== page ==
in my project I have different kinds of files. For every filetype I created a ~/.vim/syntax/[type].vim file for e.g. highlighting and key mappings. In every filetype I have a footer line with

 # vim:syn=[type]

Now I switch from VIM 7.3.547 to 8.0.707. When I now open a file vim shows me on startup all key mappings I defined in the syntax file.

map <silent> <C-F>    :!/home/www-data/.vim/syntax/layout-formater.pl<CR>
Press ENTER or type command to continue

Then I have to press the Enter key before I can edit the file. It shows only the mappings, not the highlight definition or other thing I defined in the syntax file. And only the mappings from the syntax file, not the mappings in my ~/.vimrc file.

Does anyone know, how I can avoid this?

Thanks for any help!

  • Can you give an example of one your syntax files? Also, syntax files are meant to be exclusively for highlighting; local maps, options, etc are meant to be placed in ftplugins (i typically use after/ftplugin). You may also find with your upgrade that you don’t need some of your syntax files, as vim comes with many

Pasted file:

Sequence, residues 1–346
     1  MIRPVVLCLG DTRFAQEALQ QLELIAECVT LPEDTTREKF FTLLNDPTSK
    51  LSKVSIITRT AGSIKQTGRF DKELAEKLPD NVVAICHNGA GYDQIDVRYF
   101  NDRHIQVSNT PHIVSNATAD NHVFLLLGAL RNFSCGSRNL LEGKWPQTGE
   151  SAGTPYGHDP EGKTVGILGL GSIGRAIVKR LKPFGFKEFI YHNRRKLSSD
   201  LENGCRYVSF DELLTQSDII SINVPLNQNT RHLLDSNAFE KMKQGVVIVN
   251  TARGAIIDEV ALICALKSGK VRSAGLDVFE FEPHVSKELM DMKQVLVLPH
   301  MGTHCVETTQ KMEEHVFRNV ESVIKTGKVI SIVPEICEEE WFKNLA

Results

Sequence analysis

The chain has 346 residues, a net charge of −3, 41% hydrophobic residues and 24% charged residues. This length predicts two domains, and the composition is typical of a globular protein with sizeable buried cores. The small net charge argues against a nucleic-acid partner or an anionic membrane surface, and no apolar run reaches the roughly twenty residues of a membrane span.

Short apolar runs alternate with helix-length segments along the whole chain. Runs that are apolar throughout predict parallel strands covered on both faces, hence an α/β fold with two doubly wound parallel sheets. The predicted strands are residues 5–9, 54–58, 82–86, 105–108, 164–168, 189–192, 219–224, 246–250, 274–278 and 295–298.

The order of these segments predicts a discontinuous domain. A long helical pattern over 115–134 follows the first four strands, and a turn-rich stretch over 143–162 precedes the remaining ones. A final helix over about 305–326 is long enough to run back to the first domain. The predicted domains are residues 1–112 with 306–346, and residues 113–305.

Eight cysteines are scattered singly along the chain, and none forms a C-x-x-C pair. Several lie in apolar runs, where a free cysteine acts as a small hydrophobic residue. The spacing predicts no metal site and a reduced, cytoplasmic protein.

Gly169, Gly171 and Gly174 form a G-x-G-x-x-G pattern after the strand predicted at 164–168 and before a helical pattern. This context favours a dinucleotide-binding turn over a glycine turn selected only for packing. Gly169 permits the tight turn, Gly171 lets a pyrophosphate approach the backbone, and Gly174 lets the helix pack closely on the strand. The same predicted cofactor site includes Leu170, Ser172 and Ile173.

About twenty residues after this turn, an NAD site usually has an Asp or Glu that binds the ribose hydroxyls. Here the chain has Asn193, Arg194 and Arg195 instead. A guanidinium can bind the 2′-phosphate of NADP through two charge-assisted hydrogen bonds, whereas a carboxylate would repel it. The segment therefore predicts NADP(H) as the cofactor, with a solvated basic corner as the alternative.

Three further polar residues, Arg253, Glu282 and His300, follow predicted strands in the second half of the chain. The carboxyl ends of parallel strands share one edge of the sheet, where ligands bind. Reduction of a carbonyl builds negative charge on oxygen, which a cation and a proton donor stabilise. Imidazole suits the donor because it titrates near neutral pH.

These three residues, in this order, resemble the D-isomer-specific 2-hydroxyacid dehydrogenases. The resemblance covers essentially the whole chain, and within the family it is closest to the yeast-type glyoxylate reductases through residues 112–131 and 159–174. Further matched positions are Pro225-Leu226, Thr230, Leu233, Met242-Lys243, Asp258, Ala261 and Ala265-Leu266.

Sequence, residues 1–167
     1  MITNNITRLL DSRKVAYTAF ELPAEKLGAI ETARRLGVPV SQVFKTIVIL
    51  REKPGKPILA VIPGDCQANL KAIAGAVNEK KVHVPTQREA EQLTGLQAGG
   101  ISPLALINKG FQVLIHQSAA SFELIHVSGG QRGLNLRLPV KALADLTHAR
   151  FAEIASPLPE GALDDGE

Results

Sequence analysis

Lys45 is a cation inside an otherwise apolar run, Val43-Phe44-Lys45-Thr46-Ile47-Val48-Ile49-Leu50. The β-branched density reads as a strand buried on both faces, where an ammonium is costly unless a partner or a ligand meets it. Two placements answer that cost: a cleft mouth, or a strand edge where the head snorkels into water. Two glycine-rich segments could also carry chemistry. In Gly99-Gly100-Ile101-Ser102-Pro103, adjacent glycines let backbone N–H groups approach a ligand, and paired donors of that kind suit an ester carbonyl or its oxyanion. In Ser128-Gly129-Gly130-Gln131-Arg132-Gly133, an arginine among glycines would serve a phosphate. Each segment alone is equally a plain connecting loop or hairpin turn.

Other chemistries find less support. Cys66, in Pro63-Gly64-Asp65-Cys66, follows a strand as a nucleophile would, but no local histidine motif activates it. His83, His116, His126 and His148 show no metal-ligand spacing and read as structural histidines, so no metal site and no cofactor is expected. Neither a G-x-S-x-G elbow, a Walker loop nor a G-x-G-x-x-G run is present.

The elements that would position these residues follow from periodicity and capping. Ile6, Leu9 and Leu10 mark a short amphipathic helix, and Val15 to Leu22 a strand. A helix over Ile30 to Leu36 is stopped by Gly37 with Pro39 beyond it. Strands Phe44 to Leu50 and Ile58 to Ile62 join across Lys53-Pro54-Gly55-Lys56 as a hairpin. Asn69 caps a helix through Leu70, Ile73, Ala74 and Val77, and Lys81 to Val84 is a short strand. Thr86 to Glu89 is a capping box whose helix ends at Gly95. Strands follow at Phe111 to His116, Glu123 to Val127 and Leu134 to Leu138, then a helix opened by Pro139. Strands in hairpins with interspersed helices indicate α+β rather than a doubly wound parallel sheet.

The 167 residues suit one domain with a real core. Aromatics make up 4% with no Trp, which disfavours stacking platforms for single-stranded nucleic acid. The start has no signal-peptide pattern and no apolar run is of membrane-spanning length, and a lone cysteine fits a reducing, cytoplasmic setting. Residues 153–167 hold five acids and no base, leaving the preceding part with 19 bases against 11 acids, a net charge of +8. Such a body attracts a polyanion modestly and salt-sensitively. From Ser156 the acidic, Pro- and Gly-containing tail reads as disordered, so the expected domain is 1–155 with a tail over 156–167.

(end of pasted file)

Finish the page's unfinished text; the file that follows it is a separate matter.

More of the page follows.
– D. Ben Knoble
    Commented Jun 25, 2019 at 12:38

1 Answer 1


You could avoid this by using the right files: :h ftplugin

*41.12* Writing a filetype plugin   *write-filetype-plugin* *ftplugin*

A filetype plugin is like a global plugin, except that it sets options and
defines mappings for the current buffer only.  See |add-filetype-plugin| for
how this type of plugin is used.

So keep your command related to syntax in your syntax file and your mappings to your ftplugin ~/.vim/after/ftplugin/[type].vim.

Also if I understand your mapping properly you probably want to read :h 'formatprg' or :h 'equalprg', it's always better to use the built-in mechanisms to do this kind of things. And you also should not use map: Always use the non recursive version noremap and specify the mode nnoremap (unless you know what you are doing) it might save you a lot of debugging in the futur.

  • Thank you for your answer! That was the right approach to the solution. But my vim won't read the filetype plugins in ~/.vim/after/ftplugin. It needs the directory ~/.vim/after/plugin or ~/.vim/plugin. But now it works perfect. Thanks again!
    – irata73
    Commented Jun 27, 2019 at 11:37

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